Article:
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The remote computer that holds the NFS4 file system makes it available to other computers on the net. It exports file system, which entails making entries in an NFS configuration file /etc/exports. The entries specify the file system exported, mountpoint (directory on the host system) and the list of hosts on the network that can access it along with options to control that access. Each time NFS server starts, the files read, and directories specified exported with corresponding entries made in the /var/lib/nfs/xtab file. The xtab file maintains the list of actual exports.

The exportfs command manually exports file system instead of using entries for them in the /etc/exports file and adding to the /var/lib/nfs/xtab file directly.

  • -a: adding export entries immediately without rebooting
  • -v: to display the NFS actions
  • -r: to re-export lateral entries. It rsync the /var/lib/nfs/xtab file with the /etc/exports entries and removing any other exports
  • -o: list various permissions
  • -u: unexport directory that already has been exported

exportsfs -r -a -v

exportfs -o rw,insecure wap.ananova.com:/home/ananova

A comma-separated list of export options placed within a set of parentheses may follow each host.
‘* ‘ applied to any host

Specifying Host

  • hostname: for hosts within the user domain
  • fully qualified domain: for that outside domain
  • host IP address with CNDR format specifying netmask to indicate the IP address range
  • *.ananova.com: for all the hosts in the ananova.com network
  • NIS netgroup name preceded by @ sign to reference the collection of hosts

directory-pathname host(options) host(options) host(options)


Options operate as permissions to control access to exported directories.

  • secure: By default, this is ON. It requires that requests originate on secure ports less than 1024.
  • insecure: Turns off the secure option
  • ro: This is by default and it allows only read-only access and is given to all hosts to the file system mounted on the /pub directory (public access)
    /pub *(ro, insecure, all_squash, sync)
  • rw: Allows read/write access
  • sync: This is by default and performs all writes immediately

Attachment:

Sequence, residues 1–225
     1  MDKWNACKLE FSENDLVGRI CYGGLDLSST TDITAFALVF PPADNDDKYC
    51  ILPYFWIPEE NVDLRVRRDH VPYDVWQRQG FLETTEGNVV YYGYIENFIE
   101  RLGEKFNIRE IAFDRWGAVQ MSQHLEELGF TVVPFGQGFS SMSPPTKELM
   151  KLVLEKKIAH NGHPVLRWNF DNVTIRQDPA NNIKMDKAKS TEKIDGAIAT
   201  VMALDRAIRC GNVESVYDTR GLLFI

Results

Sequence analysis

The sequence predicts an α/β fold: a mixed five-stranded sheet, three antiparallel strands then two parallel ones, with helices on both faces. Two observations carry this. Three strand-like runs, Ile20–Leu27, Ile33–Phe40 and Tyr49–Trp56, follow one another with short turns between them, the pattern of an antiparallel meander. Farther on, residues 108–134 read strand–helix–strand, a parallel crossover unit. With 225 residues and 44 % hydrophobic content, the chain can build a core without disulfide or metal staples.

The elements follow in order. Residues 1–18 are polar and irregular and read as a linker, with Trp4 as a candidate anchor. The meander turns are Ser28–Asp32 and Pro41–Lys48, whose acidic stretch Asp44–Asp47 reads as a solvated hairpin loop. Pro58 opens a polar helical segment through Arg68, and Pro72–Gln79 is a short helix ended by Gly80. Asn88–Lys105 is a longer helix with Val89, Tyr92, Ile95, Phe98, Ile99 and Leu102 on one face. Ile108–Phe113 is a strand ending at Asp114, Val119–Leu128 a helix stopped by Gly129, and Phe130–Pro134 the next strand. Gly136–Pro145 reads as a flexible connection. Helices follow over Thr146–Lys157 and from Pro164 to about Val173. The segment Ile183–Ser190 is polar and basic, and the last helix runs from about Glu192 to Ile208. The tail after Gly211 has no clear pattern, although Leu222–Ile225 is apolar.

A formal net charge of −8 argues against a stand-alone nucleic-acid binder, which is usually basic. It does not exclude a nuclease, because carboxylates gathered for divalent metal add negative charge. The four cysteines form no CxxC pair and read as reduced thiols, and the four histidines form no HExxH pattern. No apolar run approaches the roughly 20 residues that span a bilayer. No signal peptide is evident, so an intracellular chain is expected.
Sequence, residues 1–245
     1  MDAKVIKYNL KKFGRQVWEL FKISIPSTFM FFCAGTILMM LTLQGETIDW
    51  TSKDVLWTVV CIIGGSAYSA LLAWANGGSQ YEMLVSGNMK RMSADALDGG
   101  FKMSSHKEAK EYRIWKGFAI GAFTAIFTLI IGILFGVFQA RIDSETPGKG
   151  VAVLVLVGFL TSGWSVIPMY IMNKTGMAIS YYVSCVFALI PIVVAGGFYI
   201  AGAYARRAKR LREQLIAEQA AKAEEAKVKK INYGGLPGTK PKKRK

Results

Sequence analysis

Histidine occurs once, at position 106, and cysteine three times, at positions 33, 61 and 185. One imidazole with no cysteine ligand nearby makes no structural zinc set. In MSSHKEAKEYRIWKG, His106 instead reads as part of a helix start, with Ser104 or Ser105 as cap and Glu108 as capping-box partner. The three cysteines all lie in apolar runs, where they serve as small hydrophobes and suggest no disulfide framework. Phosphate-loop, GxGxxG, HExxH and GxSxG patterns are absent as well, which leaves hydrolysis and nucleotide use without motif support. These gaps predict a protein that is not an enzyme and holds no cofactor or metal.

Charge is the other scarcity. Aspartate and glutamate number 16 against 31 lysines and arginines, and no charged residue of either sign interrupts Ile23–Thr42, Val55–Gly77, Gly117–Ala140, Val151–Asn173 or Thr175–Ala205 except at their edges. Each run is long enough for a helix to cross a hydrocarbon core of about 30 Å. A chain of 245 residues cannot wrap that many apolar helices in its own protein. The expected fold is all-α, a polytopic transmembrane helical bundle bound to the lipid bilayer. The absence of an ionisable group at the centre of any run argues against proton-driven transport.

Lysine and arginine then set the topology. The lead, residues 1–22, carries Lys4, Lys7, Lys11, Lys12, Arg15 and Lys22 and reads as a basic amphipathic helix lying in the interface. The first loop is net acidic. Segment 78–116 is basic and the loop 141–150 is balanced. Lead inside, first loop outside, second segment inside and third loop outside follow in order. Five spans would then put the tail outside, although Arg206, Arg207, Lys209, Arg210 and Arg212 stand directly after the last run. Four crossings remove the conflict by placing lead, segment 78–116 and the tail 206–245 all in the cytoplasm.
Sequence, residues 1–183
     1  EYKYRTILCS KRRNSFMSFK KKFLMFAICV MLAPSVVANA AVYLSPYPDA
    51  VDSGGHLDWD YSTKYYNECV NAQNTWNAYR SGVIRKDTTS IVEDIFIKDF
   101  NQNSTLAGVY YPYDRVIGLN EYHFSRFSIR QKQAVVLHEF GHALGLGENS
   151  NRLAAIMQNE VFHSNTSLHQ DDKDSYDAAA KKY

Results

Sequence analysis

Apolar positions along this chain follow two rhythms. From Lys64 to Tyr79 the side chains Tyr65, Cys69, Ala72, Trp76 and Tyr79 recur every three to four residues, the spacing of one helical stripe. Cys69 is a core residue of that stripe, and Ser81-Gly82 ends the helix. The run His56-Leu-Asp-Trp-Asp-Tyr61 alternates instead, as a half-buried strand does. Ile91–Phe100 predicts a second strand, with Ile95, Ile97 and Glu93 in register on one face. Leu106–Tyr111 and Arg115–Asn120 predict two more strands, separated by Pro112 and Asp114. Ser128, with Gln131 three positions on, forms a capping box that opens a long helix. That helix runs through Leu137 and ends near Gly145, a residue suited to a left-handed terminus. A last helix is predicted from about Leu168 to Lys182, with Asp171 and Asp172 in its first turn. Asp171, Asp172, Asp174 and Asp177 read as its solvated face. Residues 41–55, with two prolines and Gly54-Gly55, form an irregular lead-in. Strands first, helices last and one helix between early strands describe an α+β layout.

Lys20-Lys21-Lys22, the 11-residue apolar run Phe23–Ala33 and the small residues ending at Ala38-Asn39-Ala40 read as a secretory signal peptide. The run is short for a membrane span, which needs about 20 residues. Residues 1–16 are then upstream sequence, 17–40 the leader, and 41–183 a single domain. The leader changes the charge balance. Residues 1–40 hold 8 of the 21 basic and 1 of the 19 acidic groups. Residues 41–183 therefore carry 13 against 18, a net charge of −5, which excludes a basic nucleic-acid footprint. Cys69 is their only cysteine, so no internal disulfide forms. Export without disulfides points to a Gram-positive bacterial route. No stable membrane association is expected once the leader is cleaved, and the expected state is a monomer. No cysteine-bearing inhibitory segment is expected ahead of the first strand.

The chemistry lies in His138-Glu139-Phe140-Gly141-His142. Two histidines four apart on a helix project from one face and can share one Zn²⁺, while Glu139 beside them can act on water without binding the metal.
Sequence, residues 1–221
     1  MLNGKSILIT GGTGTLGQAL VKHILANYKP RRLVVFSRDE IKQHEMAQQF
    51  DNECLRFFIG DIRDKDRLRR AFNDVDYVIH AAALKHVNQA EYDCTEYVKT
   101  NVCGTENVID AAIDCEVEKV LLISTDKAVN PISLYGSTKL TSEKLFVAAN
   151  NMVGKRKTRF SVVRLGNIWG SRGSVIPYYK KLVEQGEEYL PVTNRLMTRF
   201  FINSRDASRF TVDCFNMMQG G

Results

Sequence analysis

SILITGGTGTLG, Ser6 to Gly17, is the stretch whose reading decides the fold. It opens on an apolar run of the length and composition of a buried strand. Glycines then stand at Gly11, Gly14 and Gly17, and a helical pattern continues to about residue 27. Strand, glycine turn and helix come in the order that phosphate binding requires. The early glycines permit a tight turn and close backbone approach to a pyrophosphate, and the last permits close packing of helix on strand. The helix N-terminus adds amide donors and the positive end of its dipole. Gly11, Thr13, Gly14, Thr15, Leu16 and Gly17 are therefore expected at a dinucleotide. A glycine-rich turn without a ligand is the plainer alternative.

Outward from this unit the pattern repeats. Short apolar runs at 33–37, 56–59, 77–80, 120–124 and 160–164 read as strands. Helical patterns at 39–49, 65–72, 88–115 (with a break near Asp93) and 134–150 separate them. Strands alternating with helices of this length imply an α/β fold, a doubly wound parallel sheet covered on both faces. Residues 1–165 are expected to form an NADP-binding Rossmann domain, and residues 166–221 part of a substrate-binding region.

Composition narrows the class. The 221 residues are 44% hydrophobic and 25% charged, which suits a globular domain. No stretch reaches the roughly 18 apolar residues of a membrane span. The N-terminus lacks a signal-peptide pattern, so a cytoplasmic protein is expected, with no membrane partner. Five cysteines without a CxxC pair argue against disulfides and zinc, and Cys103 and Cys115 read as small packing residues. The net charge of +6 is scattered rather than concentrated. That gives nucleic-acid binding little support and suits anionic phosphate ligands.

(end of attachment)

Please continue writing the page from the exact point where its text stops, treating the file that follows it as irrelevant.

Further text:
• async: Performs all writes when the server is ready to handle it
  • wdelay: By default, it checks to see if writes are relevant and perform them together. This can degrade performance.
  • no_wdelay: Override the default and performs writes requests immediately without checking to see if they are related
  • hide: By default, automatically hides an exported subdirectory unless it is explicitly mounted
  • no_hide: Does not hide an exported subdirectory of another exported directory. Its parent directories are checked to make sure that the subdirectory is the valid directory (subtree_check). It only works with read-only file systems and cause problems for write-enabled file systems, where filenames and directories can be changed. It is valid for single hosts and can be unreliable.
  • subtree_check: By default checks parent directories in a file system to validate an exported subdirectory
  • no_subtree_check: Does not check parent directories in a file system to validate an exported subdirectory
  • insecure_locks: Does not require authentication of locking requests. Used for the older NFS version.

User-Level Access

  • all_squash: The NFS server treats the client's root-user as anonymous, i.e., squashing the user and prevents the client from attempting to appear the NFS's root user. Maps all UIDs and GIDs to the anonymous user. Useful for NFS exported public FTP directories, news spool directories, and so forth. Such anonymous users only have access to directories and files that are part of the anonymous group.
  • no_all_squash: The opposite option to all_squash. It is a default setting. A particular client's root user to have the root-level control over the NFS server.
  • anonuid or anongid: Sets explicitly the UID and GID of the anonymous account used for all_squash and root_squash options. The defaults are nobody and nogroup.

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